Rat poison is killing fishers, a rare carnivore, in some of the most remote forests of California—and pot growers are probably to blame.
A research team led by veterinary scientists at the University of California, Davis, discovered commercial rodenticide in dead fishers found in and around Yosemite National Park and near Redwood National Park. Of the 58 fisher carcasses they analyzed, 79 percent of them had been exposed to anticoagulant rodenticides, which can lead to uncontrollable bleeding.
The fishers either ate poisoned rodents or consumed the poisons directly, drawn by the bacon, cheese and peanut butter “flavorizers” that manufacturers add to them, the team reports in the July 13 edition of the journal PLoS ONE.
You might expect national parks to be a safe place for wildlife. So where the heck did the poison come from? The research team, which concludes that illegal marijuana farms are the likely source, do not make their accusation lightly.
Death by rat poison is typical for wildlife living near urban and agricultural areas. But these dead fishers, many of which had been radio-tracked throughout their lives, did not wander anywhere near either type of environment, lead author Mourad Gabriel explained in a press release. (Gabriel is a UC Davis Veterinary Genetics Laboratory researcher and president of the Integral Ecology Research Center.)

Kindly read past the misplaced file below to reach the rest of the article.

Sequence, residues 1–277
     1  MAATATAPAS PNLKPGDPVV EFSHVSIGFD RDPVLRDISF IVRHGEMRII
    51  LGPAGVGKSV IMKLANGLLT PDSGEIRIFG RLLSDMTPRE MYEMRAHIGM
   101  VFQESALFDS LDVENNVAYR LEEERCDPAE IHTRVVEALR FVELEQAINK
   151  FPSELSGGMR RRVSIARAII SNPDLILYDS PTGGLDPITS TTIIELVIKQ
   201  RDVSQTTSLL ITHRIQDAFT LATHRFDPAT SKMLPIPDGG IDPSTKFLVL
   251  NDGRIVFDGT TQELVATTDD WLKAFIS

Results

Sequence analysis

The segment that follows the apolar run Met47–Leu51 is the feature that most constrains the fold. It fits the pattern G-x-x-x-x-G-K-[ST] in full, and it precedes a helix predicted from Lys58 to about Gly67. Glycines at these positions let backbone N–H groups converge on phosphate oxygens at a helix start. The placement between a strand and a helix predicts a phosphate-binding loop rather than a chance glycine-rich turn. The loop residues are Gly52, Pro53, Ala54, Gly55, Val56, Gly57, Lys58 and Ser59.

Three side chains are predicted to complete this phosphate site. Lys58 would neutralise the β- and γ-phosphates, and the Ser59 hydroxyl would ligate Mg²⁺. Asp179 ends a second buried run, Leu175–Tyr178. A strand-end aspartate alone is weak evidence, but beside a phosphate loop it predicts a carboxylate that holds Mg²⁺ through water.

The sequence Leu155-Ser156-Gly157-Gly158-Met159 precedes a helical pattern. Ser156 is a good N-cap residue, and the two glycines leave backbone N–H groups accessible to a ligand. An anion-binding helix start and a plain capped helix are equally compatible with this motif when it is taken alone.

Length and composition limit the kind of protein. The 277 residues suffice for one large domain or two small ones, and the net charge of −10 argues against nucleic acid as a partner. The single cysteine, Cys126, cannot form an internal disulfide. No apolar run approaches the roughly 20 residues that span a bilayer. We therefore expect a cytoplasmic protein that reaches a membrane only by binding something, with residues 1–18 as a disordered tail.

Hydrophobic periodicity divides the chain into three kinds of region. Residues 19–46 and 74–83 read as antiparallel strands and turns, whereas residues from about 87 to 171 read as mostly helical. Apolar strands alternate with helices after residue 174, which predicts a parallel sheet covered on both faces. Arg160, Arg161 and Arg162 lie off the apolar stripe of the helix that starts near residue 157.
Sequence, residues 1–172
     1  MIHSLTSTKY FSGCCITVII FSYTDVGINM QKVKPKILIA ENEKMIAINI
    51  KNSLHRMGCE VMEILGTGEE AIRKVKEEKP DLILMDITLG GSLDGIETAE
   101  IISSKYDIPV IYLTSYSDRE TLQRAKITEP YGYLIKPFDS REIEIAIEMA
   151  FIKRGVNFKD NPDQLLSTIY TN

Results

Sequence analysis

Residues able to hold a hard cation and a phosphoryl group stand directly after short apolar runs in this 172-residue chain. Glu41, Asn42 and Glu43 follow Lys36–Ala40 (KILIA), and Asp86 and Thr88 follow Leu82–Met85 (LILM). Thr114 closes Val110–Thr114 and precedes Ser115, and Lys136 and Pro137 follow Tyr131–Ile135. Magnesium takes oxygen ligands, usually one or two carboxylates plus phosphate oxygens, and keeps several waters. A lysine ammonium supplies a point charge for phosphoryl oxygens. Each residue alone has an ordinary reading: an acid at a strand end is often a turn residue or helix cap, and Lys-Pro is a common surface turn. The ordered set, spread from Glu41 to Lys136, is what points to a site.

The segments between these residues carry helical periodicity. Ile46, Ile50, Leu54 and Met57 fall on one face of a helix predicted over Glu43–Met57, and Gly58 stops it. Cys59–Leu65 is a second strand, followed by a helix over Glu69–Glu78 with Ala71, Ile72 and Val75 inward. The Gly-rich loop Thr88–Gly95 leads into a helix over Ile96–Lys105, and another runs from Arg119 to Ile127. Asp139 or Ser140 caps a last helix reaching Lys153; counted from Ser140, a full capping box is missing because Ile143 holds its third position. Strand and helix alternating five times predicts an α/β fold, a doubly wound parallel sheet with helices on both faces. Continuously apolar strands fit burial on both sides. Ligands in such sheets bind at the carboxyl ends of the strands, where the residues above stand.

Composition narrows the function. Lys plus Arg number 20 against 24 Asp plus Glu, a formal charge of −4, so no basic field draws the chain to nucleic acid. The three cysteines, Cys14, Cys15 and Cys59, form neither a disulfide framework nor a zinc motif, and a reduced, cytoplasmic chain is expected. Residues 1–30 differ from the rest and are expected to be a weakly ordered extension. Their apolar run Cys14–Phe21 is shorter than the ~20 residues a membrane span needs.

The fishers’ habitat did overlap with illegal marijuana farms, however. The study notes that in 2008 alone, law enforcement officials removed more than 3.6 million marijuana plants from federal and state public lands in California, including state and national parks.
In one recent example, agents confiscated more than 2,000 marijuana plants less than 7.5 miles from one of the study areas. They also found piles of bright green rodenticide pellets around the marijuana plants and along plastic irrigation lines (right).
Another clue is that the fisher deaths occurred between mid-April to mid-May, the optimal time for planting young marijuana plants outdoors—and the time when seedlings are especially vulnerable to pests.
Of course the hullabaloo is not just about the fishers, which have been declared a candidate species for listing under the federal Endangered Species Act. Plenty of other forest denizens — including martens, spotted owls and Sierra Nevada red foxes — are also at risk of poisoning. Not to mention the rodents!
Fisher, a rare forest carnivore and member of the weasel family. (UC Davis)
Illegal marijuana plants and bright green pellets of anticoagulant rodenticide. (UC Davis)